Google+ Running in Cork, Ireland: History of the Castlemartyr 4 mile John Walshe

Tuesday, March 31, 2015

History of the Castlemartyr 4 mile John Walshe

The Ballintotis 4 mile road race is coming up near the town of Castlemartyr in East Cork on Thursday the 16th of April 2015. More info in this earlier post.

This is a relatively new race which was first run in 2010 and it has its origins in the annual Castlemartyr 4 mile road race which was first held back in 1986.

In the following article, John Walshe of Ballycotton Running Promotions outlines the history of the race which has traditionally marked the start of the summer season of evening road races in Cork.

With the Ballintotis four-mile road race just two weeks away, this might be an opportune time to have a look back at the event which preceded Ballintotis, the Castlemartyr race over the same distance held for the first time on Thursday April 17th, 1986.

The race was organised by the then newly-formed East Cork AC and Castlemartyr in mid-April would herald the start of the spring and summer races for the next 23 years. Numbers taking part over that near quarter-of-a-century show an average of 108 runners per race, a far cry from the 1,000 or so expected this year on April 16th.

The biggest race was the final one in Castlemartyr in 2009 which had 217 finishers. The following year of 2010, East Cork AC – in conjunction with Ballintotis Community Council – moved the short distance to the picturesque lakeside setting. The numbers that year jumped to 435 and the phenomenal increase since can be seen from last year’s total of 996 finishers.

A nostalgic photograph which recently surfaced shows what the start of a typical road race was like 20 to 30 years ago. It is of the fourth Castlemartyr race, held on Thursday April 20th, 1989. The race started on the main street, as can be seen from the old entrance to the Carmelite College (now Castlemartyr Resort) in the background. The route turned right over the bridge on to the Ladysbridge road for almost a mile, then a left around Dower before re-joining the main N25 Youghal road just before three miles with the finish on the roadway outside the national school.

Just 81 runners took part that night, with victory going to Liam O’Brien of the promoting club in 19:25, eight seconds ahead of his team-mate, John Kearney. Tony Ryan from Dungarvan was third in 19:37. It is worth noting that 41 of the 81 finishers broke 24 minutes with only 10 runners slower than eight-minute pace (32:00).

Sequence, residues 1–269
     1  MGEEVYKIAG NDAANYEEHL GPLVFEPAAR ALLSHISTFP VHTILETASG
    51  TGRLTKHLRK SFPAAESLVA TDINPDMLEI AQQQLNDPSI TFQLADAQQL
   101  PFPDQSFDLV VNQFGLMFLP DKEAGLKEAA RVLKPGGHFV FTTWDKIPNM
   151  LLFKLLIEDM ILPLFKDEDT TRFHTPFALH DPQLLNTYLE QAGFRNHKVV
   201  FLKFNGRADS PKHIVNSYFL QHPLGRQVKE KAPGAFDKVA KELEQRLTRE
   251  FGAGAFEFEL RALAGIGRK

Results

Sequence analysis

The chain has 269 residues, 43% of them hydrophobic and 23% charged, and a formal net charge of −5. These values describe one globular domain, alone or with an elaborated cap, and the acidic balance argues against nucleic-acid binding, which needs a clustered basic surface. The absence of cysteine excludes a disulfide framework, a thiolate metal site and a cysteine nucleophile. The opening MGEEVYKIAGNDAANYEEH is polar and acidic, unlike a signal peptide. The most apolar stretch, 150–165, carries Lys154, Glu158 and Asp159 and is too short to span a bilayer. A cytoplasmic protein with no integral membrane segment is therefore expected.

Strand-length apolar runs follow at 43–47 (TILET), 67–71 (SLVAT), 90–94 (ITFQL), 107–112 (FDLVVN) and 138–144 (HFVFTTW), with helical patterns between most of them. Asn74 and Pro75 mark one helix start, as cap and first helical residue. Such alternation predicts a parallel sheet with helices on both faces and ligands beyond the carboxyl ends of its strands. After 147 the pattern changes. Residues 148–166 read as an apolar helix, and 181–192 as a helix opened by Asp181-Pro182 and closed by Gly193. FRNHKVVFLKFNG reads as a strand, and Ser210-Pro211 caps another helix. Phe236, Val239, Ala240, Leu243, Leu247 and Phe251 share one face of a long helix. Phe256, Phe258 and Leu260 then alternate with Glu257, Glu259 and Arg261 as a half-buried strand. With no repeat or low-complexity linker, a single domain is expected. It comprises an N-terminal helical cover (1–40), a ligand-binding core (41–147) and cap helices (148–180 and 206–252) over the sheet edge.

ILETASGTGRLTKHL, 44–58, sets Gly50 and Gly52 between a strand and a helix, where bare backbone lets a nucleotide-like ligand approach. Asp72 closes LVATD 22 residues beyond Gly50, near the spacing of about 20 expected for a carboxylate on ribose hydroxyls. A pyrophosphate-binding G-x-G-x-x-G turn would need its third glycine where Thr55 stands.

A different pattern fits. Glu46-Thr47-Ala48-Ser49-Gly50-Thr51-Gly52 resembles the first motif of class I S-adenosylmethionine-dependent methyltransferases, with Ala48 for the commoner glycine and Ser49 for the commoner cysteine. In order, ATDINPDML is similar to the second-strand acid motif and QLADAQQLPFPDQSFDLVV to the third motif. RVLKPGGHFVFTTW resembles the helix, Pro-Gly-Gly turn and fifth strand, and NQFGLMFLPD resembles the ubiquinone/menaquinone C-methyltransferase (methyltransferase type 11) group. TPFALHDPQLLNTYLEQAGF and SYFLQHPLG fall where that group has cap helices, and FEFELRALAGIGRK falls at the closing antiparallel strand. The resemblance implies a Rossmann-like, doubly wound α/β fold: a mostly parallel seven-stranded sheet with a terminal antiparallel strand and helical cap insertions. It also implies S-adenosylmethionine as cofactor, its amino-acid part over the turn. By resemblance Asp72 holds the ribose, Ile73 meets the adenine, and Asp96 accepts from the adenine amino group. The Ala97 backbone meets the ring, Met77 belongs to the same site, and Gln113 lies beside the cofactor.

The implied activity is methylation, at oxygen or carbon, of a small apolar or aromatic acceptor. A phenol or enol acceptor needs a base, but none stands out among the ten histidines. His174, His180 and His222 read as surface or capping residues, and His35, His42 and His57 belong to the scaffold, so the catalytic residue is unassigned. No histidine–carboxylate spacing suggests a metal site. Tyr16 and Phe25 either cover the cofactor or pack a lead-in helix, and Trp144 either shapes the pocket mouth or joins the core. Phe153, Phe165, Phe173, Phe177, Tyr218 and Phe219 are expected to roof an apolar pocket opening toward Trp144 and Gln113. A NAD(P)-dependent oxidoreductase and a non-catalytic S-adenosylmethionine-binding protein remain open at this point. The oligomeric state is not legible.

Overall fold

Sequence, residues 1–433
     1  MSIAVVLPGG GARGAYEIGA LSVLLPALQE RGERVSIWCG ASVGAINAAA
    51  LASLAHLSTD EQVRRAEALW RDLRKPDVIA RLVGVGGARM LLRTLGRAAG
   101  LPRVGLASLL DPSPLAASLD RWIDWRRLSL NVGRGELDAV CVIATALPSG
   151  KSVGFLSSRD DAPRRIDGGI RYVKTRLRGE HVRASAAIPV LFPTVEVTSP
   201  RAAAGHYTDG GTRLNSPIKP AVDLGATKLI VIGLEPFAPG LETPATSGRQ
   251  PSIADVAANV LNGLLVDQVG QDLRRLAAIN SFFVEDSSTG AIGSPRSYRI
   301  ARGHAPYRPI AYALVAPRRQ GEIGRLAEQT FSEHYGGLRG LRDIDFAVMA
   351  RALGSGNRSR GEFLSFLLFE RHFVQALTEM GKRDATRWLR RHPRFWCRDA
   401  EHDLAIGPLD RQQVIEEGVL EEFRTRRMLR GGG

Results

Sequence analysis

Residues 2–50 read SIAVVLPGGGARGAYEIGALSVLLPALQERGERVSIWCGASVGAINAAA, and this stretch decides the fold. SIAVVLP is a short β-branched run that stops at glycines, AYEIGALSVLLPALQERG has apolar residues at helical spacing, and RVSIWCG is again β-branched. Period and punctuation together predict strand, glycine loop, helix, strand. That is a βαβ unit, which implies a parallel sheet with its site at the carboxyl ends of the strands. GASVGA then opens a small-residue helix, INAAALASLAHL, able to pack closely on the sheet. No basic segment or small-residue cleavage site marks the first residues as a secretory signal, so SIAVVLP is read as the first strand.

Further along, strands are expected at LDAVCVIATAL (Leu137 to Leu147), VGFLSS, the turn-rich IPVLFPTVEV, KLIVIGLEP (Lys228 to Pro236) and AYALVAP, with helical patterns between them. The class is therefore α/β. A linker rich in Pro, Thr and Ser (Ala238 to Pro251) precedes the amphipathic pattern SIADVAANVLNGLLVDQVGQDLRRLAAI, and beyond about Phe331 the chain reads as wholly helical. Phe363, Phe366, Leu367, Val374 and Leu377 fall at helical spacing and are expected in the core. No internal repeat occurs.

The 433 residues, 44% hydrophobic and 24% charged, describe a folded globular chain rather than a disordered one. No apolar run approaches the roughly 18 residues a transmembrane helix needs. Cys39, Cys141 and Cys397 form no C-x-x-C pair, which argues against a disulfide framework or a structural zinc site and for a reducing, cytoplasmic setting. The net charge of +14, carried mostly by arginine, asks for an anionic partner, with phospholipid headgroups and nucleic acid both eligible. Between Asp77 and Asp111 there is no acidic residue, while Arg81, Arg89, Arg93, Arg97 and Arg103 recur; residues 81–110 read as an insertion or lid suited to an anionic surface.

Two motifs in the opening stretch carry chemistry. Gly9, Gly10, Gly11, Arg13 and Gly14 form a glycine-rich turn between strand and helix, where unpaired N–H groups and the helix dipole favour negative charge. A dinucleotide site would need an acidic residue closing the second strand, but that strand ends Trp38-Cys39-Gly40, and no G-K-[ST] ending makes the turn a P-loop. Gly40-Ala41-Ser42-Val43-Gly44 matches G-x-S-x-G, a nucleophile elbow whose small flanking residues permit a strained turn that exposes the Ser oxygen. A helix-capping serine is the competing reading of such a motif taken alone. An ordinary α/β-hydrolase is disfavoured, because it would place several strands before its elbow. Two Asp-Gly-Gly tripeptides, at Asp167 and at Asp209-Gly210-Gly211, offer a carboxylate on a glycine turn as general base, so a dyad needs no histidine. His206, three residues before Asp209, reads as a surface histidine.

Liam O'Brien on his way to victory in the 1989 Castlemartyr 4 mile. Photo: Donal O'Rourke
The serious intent of those taking part can be seen from their posture on the starting line, in particular the track stance of Liam O’Brien (fifth from left) who had in the previous five years represented Ireland at the Olympic Games in Los Angeles and World T&F Championships in Rome.

The man on the left with the gun held high in the air is the legendary starter Dan McCarthy who will once again be setting a much bigger number on their way in two weeks time.

Along with Liam O’Brien, some of the other runners on the front line include Eric Meade, Tony Ryan, Mary Sheehan, Denis McCarthy, George Walsh, Marion Lyons, Eamonn McEvoy (who, along with Denis McCarthy and John Walshe, ran all 24 Castlemartyr races), John Delaney, Tom Hartnett, Joe Murphy, Michael Roche, Pat Kerrigan, John Kearney, Paul Mulholland, Willie Griffin, Bryan Meade and Tom Owens.

* Sincere acknowledgments are due to Castlemartyr native Pat Walsh who provided the start line picture taken by local man Donal O’Rourke on that night in 1989 and also to Denis McCarthy of Ballynoe from whose meticulous collection of athletics material the full result sheet was obtained.

1 comment:

Anonymous said...

Great article, Serious race and serious times posted. Shows at what part of the running scale that the sport has grown.
Fantastic that so many pictured and named are still involved in Athletics and giving so much back to help others.
I personally think that we would not be in today's current position of lots of high quality races without these men.
Wont name any as will surely leave some out.